Have you replaced your tablet with a phablet?

Evan Selleck
Contributing Editor from  Arizona
| December 9, 2013

It's been a few years now since we've had a pretty definitive line between what is a tablet and what isn't. The most popular big-screened devices are running the same version of software as their smartphone counterparts, for one thing. But that's not even the most offending cause of our confusion. It's the fact that we've simply allowed manufacturers to invade our stores with devices that feature huge displays. Yes. I said it. It's our fault.

And we should take responsibility for it.

In all seriousness, just look at the market a little over three years ago. Apple's iPad had pretty much redefined the tablet industry, and every manufacturer out there that had any kind of connection to the mobile market looked to jump on the bandwagon. We got all sorts of different kinds of devices, and with it varying screen sizes and software.

Dell released the Dell Streak, and the five-inch screen size of the original was big enough for many to firmly place it within the tablet category back in 2010. Yep. Five inches. Sound familiar? That's the same screen size as Samsung's popular Galaxy S4, and that is certainly, definitely not a tablet.

We've allowed this to happen, folks. We've shown manufacturers that we love big phones with big displays, and so now we've got devices that reflect that desire. HTC's One has a 4.7-inch display, and while it's not 5-inches, it's close enough. And then there's the fact that a smartphone/tablet crossover like the Galaxy Note 3 has a screen size bigger than the Dell Streak at 5.7-inches.

This is where it gets really confusing, though. Because let's get one thing clear: not every big-screened device is a phablet. It just doesn't work like that, because that's ridiculous. A phablet, since that's the popular term for it, is a hybrid device of a phone and a tablet, which means there has to be features from both categories. Or similarities, anyway. There are a lot of big screen devices available to date, but almost all of them aren't phablets. They're just really big phones.

For example: Samsung's Galaxy Note 3 offers up tablet-like features, including being able to run two apps at once in a split-screen fashion, as well as stylus support out of the box. The Galaxy Mega 6.3, which has a display size of six-point-three-inches, is just a big phone. It doesn't do any of the tablet-inspired things that the Galaxy Note 3 does, but it has a substantially larger screen.

One is a phablet, one is a phone with a gigantic screen.

There's another big-screened device that's recently landed in the wild, and that's Nokia's Lumia 1520. A device that bears plenty of similarities between it and its smaller Lumia siblings, but with one major difference: a 6-inch display. This makes it the biggest Windows Phone-based device available, but also one of the biggest devices on the market in general. So, what's the pull of that big screen? Are there any features that Microsoft included to make it seem like you're using a tablet and a phone at the same time?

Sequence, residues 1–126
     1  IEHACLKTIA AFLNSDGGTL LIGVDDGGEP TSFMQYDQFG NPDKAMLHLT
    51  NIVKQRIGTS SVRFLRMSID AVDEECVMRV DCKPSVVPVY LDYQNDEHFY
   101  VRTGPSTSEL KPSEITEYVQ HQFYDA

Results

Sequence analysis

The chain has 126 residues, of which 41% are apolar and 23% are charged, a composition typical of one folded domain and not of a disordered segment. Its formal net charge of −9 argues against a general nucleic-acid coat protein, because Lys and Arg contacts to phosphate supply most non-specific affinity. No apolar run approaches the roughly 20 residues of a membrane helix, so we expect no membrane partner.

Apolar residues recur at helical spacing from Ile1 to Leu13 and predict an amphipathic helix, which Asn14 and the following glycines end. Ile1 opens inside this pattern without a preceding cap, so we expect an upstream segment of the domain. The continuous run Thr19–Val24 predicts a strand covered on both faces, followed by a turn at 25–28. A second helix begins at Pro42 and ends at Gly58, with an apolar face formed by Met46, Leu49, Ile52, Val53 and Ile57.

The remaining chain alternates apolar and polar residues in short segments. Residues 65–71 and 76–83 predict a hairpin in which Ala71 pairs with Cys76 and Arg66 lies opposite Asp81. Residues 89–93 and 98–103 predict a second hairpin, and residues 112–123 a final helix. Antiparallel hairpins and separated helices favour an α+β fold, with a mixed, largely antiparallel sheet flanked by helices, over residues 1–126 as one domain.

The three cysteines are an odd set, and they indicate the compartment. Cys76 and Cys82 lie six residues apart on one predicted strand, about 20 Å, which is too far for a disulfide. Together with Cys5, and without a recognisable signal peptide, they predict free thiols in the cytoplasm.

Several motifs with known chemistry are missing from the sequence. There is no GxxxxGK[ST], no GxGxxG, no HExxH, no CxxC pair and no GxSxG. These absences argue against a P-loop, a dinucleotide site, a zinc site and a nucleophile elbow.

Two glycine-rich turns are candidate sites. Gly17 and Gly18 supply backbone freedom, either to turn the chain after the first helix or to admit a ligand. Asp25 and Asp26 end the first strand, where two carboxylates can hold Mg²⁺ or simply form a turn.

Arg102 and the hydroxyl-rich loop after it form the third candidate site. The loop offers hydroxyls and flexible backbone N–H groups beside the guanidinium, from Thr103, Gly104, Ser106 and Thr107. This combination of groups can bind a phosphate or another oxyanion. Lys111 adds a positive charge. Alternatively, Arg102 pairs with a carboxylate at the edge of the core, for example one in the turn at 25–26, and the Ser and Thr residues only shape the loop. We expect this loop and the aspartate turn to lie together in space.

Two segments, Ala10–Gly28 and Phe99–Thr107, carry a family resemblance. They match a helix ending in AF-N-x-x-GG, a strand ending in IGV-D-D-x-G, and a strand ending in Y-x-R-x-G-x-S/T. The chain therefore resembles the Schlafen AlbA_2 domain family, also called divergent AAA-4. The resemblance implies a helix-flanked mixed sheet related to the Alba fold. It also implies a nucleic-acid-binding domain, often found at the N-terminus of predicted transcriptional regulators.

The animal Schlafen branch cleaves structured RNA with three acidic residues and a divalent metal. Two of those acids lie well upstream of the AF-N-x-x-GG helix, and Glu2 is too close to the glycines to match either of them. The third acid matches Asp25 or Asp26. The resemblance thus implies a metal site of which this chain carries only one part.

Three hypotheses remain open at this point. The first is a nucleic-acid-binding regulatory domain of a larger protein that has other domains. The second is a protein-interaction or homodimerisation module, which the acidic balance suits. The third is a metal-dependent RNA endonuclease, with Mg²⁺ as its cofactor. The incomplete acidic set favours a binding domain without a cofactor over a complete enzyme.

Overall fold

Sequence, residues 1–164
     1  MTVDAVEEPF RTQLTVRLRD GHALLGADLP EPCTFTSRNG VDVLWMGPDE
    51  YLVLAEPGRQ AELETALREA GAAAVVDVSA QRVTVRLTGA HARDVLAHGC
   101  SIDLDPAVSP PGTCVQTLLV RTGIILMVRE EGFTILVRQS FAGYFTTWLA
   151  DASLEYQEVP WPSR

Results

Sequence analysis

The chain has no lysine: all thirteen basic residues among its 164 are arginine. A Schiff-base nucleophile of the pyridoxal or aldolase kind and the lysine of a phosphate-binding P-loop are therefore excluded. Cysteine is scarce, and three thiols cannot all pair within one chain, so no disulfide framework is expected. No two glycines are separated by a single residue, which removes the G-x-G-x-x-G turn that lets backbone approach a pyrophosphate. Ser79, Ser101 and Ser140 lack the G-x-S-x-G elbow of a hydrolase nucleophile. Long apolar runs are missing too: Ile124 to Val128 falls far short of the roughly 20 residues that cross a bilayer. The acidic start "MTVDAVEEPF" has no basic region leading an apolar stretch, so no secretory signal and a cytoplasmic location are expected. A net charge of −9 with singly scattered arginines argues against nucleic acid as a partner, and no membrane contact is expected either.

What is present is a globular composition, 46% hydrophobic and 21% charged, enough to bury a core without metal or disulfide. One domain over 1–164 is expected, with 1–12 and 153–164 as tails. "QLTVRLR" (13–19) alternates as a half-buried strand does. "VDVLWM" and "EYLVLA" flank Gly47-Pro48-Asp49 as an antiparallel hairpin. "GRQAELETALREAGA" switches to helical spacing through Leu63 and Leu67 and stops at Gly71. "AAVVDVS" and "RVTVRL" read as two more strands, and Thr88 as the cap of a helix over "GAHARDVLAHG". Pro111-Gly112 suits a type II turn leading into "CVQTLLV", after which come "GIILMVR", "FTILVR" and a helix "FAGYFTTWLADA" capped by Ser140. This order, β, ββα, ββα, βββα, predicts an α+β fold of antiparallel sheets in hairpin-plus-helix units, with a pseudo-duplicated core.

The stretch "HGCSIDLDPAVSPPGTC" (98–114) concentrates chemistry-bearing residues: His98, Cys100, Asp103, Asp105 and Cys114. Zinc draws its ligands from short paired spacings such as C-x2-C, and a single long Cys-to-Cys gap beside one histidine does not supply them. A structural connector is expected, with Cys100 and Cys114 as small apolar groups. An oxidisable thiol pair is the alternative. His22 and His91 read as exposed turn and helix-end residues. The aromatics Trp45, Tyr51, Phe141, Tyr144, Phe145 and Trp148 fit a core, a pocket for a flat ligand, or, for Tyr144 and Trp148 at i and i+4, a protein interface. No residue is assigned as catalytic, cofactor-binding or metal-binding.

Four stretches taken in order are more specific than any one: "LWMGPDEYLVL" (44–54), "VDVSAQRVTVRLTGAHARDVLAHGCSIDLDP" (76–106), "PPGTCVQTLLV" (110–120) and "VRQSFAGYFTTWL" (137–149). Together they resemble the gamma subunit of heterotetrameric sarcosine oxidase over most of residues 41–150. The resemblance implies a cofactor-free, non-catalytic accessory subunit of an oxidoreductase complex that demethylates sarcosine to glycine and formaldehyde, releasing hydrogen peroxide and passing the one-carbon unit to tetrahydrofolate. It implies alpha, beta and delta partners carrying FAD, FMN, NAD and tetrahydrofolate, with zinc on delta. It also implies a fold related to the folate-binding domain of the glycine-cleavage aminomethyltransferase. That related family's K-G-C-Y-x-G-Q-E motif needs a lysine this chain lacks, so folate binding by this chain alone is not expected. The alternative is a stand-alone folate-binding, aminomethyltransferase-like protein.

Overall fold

Nope. You'll get the same version of Windows Phone 8 that you'd see on other devices, like the Lumia 1020. The only difference is the larger display, and plenty of tweaks to the specifications list.

Then what's the draw? Can it honestly just be the big display? I've tried to use a phone with a bigger display with the Galaxy Mega 6.3, and I honestly just found it completely uncomfortable in every day usage. As a primary tablet, which I'm not using almost constantly thanks to texting, messaging, searching, or whatever else, it would be fine. But, as a primary device? It just got too big for its own good.

I honestly believe there should be a distinction between a phablet and a big smartphone, but apparently that's not going to happen. So, while I've made my remarks on why it should be this way, I'll forfeit that argument for now. Which means I'll have to call the Lumia 1520 a phablet, as well as other smartphones with huge displays. Fine.

I'm going to try a different device here soon, once I get my hands on the Lumia 1520, and I'm going to try again. There were some software decisions on the Galaxy Mega 6.3 that may have ruined the experience for me, and maybe I'll have a different overall result with the Windows Phone big screen experience.

The question I have for you, though, is whether or not a big-screened device, something like a Galaxy Note 3 or even the Lumia 1520, has made you consider getting rid of your tablet altogether. Is a device that you can use everywhere as your primary device with your phone number worth using over an "extra" tablet? Let me know what you think.